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Opinion: Pollution in the Vaal Triangle – progress, but more must be done

AMSA CEO Kobus Verster

AMSA CEO Kobus Verster

Photo by Creamer Media's Donna Slater

2nd May 2024

     

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In this article, ArcelorMittal South Africa (AMSA) CEO Kobus Verster writes that industry across the Vaal Triangle, together with responsible corporate citizens in the steel industry, must constantly improve their overall environmental performance above and beyond air quality indicators.

South Africa has an air pollution problem. Yet, the '2023 World Air Quality Report' notes an overall improvement in the country’s performance when measured against that of 134 other countries and 7 812 cities. The East Rand city of Benoni has the worst air quality in Africa, followed by Bloemfontein, while the industrial town of Vereeniging in the Vaal Triangle comes in twelfth. The authoritative report measures fine particulate aerosol particles of up to 2.5 microns per cubic metre.

But despite significant progress, local challenges persist and must be addressed through a combination of industry mitigation measures, cleaner energy generation and better transport utilisation. This can only be achieved in an enabling policy environment, industry commitment, community education and engagement, and the financial support required to achieve transitional measures.

As the country’s heavy industrial heartland, it comes as no surprise that pollution in the Vaal Triangle is higher than the national average. To a significant degree, heavy industry in the area is both a beneficiary and victim of its historical legacy.

When planning the establishment of a domestic South African steel industry in the 1930s, the aims were to boost the country’s industrial base, job creation and lessening the dependence on imports, but this also resulted in pollution and other environmental implications.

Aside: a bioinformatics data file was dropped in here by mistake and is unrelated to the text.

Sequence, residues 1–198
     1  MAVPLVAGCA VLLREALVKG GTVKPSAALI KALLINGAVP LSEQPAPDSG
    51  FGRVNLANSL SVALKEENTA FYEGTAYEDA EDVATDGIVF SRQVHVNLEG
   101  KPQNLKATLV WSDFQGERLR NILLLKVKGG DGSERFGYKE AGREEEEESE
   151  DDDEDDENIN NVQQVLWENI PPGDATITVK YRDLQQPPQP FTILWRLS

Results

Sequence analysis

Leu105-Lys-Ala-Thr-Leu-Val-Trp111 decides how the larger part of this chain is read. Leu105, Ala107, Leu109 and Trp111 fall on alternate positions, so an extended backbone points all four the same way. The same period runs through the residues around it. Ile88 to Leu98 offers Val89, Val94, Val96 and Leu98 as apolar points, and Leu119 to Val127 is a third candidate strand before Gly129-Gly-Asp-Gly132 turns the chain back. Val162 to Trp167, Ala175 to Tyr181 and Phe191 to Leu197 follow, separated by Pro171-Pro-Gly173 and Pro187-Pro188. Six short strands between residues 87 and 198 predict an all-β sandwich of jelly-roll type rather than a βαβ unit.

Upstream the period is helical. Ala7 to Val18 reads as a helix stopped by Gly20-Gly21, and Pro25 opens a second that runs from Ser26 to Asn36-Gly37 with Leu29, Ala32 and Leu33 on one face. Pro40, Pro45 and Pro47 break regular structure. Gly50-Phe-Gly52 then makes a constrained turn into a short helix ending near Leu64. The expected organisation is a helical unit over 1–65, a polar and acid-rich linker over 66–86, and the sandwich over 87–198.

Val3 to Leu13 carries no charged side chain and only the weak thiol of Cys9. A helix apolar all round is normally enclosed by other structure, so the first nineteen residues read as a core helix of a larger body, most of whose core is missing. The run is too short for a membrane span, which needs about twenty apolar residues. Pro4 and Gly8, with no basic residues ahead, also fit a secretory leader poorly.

Environmental issues are central to the operations and future planning of the steel industry, which is seized with tackling legacy issues and overcoming technological challenges while addressing legitimate social and community environmental concerns.

The biggest and often unrecognised challenge to improving its overall air quality is the particularities of the Vaal Triangle’s microclimate. As a so-called “airshed” (where local conditions limit the dispersion of pollutants), the Vaal Triangle experiences persistent elevated inversions, were pollution is trapped at lower atmospheric levels, particularly during the colder periods of the morning and night.

In 2006, the then Department of Environmental Affairs and Tourism declared the Vaal Triangle the first ‘priority area’ to be declared in the country, giving rise to a comprehensive Air Quality Management Plan. The plan has the overarching objective of improving overall air quality in the area. It identifies a myriad sources of air pollutants, including: biomass burning, domestic fuel burning, small industries, transportation, waste burning, mining operations, coal-fired power generation, the petrochemical sector and the iron and steel and ferroalloy industrial sector.

AMSA is committed to minimise the impact of its operations on the environment. The main undertakings included the removal of old coke batteries and their replacement with those of best available technology, along with the installation of emission abatement technology (essentially a bag filtering system) to reduce particulate matter emissions.

The government’s 2013 review of the Vaal Triangle Priority Area (VTPA) Plan found that the steel industry had achieved, “significant reductions in stack and fugitive emissions, as well as improved emissions monitoring.”

More specifically, this 2013 review found AMSA to have completed its blast furnace fugitive roof emissions strategy and met required targets; achieved dust suppression targets; ceased dosing with spent pickling liquor; installed wet scrubbing emission abatement technology and installed a water cleaning plant.

Indeed, the company now exceeds 98% of current government standards for pollution control on the metred stacks. It further committed to the installation of a clean gas unit along with a secondary dust extraction system. Up to and including the 2020 VTPA review, ArcelorMittal completed a further 12 emission reduction measures, all of which were verified by government.

The government is due to publish its 2025 VTPA review next year, which will measure recent outcomes and provide further benchmarks for improving the air quality of this industrial heartland.

Industry across the Vaal Triangle, together with responsible corporate citizens in the steel industry, must constantly improve their overall environmental performance above and beyond air quality indicators.

Edited by Creamer Media Reporter

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